So now would be a good time to return to that dead body in the ice house as it is another example of determined Yntema women who challenged the status quo. She was an ancestor who in the 19th century enrolled in medical school. It was considered inappropriate then for women to attend gross anatomy classes. With the help of her brother, she procured a corpse on which she could practice by candlelight in an ice house.
“She completed all the class requirements with flying colors,” Yntema reports, and while the school gave her an RN designation, she eventually headed west to practice as a doctor.
“I’m trying to make the art form better,” she says. “A lot of the best work just doesn’t get seen because the big companies in the United States are run by men and they tend to hire other men. There’s got to be a better way. I started visiting dance companies all over the country to listen and learn what are the impediments preventing women from moving forward in leadership. Part of it is institution- al, but part of it is in the cultural DNA. Women are perceived as fungible: do what you’re told, don’t voice an objection; work through the pain; don’t raise your hand. That’s just not true for the men.”
The DDP’s proprietary research is shining a spotlight on the rich underground of extraordinary commissioned work that the public at large at present does not get a chance to see.
When will Yntema consider the Dance Data Project’s work complete? “When I see onstage something that is much more representative of the audience,” she says. “When a lot of the great work that I see being done in smaller cities is brought to bigger stages. My mantra is that as an audience member and as a funder, I have an obligation to say something. We’ll end up with a better product and that will enrich everybody.”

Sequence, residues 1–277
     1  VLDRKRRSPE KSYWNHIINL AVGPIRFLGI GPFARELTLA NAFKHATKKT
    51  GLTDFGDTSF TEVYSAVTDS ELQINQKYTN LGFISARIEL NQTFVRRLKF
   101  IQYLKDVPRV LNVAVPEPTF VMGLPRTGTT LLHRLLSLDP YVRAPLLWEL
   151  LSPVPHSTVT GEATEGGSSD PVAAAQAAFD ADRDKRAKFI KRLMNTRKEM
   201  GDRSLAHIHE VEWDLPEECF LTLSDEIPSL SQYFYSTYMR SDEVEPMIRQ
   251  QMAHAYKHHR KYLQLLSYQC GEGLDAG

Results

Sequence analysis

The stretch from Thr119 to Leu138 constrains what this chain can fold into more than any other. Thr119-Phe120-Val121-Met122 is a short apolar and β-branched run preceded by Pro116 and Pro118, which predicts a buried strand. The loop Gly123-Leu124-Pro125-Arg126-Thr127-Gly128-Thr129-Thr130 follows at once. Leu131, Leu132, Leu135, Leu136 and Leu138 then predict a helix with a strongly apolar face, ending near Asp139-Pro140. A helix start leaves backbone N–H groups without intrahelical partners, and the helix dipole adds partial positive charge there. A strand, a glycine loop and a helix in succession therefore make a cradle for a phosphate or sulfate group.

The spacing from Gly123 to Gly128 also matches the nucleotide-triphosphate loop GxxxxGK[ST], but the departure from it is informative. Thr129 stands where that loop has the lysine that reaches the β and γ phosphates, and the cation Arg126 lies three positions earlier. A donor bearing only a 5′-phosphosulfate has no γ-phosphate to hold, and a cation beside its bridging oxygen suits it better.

In less than a year, Ynetma sees progress on at least one front. “In the media, the lead line in articles used to be that ‘some people say’ there is a gender disparity (in dance companies),” she says. “Now the lead line is ‘It is known there is a gender disparity.’ That’s our work.”
But as with all her philanthropic initiatives, she says she is willing at some point to bring in new people to continue the Dance Data Project’s work and move on to the next thing. In 2016, she met with Holy Trinity leadership and suggested they find a new lead sponsor to take the college visit program to the next step.
“I believe in letting go,” she explains,. “Let someone bring new energy and new ideas. Being generous also involves offering opportunities to the next person, and the new donor family has taken the Holy Trinity program to new and exciting directions.”
To budding philanthropists who like her see a need and an opportunity, she offers this advice: Do your research by going into the communities you want to serve. Don’t think you have the answers just because you have resources. But then think big. Just because it hasn’t been done before, don’t stop.”
For more information on the Dance Data Project, visit dancedataproject.com.